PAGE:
They call Paris the “City of light.”
People fall in love with its beauty and culture, enough so to make it one of the world’s most visited places.
Miami Marlins shortstop Adeiny Hechavarria is no exception.
Following an eight-month season, Hechavarria booked his first trip to Europe, which included stops in Barcelona and Rome. Last Thursday, he stood in front of the sparkling Eiffel Tower, mesmerized by its glow.
A day later, terrorist attacks killed 129 people over several Parisian sites. Three hundred and fifty-two others were sent to hospitals with injuries. Leads and suspects have emerged. Everyone remains on alert.
“I was having lunch with my girlfriend and her family and I started seeing a lot of ambulances go by,” Hechavarria said in Spanish through an interpreter, having since returned to South Florida. “I was about 15 minutes away. We kept seeing a lot of ambulances and police cars go by, so we started getting worried, wondering what had happened.
“Later on I was watching TV and my girlfriend says, ‘Look at what happened!’ So we started watching what had happened with the shootings and the bombings. At the restaurant, the people who had already paid were just getting up and leaving because they made an announcement that some men had shot at a restaurant and they were on the loose. We paid the check very quickly so we could go back to the hotel, which was close by.”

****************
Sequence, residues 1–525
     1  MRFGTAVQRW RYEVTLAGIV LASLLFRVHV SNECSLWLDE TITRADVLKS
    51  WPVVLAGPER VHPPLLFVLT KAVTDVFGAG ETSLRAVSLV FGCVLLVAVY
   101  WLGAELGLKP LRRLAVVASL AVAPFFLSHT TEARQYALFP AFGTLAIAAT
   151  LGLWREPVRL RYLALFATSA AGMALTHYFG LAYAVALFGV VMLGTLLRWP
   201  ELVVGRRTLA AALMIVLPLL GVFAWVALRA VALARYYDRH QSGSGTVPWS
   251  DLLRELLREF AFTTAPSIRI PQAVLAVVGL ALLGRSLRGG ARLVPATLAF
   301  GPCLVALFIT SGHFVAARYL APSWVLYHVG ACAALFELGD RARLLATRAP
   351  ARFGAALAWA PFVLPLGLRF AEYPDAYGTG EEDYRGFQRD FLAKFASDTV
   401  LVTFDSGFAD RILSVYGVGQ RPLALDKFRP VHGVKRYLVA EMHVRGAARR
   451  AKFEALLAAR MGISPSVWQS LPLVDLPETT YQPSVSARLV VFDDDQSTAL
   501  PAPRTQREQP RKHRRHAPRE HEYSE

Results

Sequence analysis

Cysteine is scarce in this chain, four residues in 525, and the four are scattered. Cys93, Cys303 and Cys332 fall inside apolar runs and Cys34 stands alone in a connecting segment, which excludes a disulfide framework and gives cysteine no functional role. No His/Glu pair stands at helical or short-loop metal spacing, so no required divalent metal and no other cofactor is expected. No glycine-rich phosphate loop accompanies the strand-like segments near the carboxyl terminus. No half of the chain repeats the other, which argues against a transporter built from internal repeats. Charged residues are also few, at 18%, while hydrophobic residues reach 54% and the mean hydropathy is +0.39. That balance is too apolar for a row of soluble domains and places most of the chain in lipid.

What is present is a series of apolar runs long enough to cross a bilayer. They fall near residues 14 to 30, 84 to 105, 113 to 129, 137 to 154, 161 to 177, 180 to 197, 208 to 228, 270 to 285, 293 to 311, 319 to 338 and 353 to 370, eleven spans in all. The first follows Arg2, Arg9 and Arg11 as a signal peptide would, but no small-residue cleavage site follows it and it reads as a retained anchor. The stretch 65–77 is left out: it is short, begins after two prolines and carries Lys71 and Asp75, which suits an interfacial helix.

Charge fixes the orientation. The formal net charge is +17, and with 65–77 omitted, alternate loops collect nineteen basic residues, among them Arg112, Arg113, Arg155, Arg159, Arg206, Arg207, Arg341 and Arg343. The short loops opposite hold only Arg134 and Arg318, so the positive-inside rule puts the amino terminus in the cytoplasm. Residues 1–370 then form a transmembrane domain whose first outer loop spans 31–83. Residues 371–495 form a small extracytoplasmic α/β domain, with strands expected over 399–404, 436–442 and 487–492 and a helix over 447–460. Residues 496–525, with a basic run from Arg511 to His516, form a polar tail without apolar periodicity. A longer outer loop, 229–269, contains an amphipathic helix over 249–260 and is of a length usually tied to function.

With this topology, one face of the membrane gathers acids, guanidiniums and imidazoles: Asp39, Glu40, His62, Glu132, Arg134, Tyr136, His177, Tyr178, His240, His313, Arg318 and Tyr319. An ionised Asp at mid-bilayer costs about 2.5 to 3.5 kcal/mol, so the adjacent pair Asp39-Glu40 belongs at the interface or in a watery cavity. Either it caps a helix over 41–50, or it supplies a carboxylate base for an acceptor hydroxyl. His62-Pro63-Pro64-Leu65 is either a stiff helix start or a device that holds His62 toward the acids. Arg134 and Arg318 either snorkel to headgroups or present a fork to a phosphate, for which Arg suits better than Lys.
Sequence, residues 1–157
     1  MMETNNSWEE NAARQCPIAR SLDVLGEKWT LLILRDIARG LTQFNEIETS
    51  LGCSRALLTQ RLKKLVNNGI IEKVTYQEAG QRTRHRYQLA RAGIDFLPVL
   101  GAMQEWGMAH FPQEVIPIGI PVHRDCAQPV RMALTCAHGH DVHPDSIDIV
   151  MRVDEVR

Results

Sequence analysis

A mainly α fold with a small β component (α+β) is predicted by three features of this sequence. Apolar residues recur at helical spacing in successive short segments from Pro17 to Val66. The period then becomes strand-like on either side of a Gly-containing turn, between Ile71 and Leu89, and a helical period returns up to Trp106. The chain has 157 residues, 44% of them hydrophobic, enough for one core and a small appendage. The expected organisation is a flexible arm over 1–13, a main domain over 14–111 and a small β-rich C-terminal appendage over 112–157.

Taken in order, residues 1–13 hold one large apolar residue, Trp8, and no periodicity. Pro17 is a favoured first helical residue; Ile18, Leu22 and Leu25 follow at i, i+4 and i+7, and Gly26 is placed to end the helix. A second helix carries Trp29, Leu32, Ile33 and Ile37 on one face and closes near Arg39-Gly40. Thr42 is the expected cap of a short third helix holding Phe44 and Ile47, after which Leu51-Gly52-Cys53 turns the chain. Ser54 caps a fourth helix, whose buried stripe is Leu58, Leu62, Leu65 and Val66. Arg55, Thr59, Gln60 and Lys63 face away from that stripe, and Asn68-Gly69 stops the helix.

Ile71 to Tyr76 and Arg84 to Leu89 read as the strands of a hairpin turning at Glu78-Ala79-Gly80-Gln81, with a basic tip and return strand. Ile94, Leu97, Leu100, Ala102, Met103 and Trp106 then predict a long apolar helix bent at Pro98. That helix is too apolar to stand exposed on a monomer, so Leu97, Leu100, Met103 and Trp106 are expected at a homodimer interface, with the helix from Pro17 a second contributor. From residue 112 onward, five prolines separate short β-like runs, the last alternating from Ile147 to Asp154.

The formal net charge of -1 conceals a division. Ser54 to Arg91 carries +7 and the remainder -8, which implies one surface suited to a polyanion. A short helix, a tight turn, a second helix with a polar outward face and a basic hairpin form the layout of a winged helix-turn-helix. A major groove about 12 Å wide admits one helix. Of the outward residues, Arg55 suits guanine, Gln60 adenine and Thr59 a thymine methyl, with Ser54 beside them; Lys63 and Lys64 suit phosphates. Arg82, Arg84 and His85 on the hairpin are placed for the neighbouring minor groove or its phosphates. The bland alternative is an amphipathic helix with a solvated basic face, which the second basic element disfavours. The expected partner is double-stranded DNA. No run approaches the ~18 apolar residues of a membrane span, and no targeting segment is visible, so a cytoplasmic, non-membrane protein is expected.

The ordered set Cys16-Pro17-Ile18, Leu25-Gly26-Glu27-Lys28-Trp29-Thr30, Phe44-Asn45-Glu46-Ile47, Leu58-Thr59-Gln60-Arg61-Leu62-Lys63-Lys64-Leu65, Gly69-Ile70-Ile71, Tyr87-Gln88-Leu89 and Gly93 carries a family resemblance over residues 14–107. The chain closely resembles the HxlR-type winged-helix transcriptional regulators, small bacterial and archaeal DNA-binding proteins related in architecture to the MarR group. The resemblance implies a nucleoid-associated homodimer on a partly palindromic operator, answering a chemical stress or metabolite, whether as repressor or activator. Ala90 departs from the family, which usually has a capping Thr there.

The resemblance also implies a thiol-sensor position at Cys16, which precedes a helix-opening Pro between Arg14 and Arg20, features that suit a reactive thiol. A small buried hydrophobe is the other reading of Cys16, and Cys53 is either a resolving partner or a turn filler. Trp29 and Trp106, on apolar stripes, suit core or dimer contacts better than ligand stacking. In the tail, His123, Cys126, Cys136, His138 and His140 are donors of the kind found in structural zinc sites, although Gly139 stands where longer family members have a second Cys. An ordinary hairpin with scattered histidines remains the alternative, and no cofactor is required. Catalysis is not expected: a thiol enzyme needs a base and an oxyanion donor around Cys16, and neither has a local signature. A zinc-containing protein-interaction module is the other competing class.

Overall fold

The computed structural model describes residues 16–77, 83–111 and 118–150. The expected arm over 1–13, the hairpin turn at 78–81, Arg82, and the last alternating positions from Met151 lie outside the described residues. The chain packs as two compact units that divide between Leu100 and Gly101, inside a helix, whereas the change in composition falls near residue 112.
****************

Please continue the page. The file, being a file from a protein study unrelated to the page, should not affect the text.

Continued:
Family and friends called to check up. Hechavarria assured them that though they were close — “nothing happened directly where we were staying.”
Instead of venturing outside, they remained at their centrally located hotel. Like the rest of us, they followed breaking news on the TV.
“I was going to be there four days, but we left on the third,” Hechavarria said. “I was scared because I’d never lived through anything like this. I was afraid for our safety because they were telling us the guys were still on the loose. …
“My heart goes out to all the French people and victims. I felt really, really bad for them, and it was horrible.”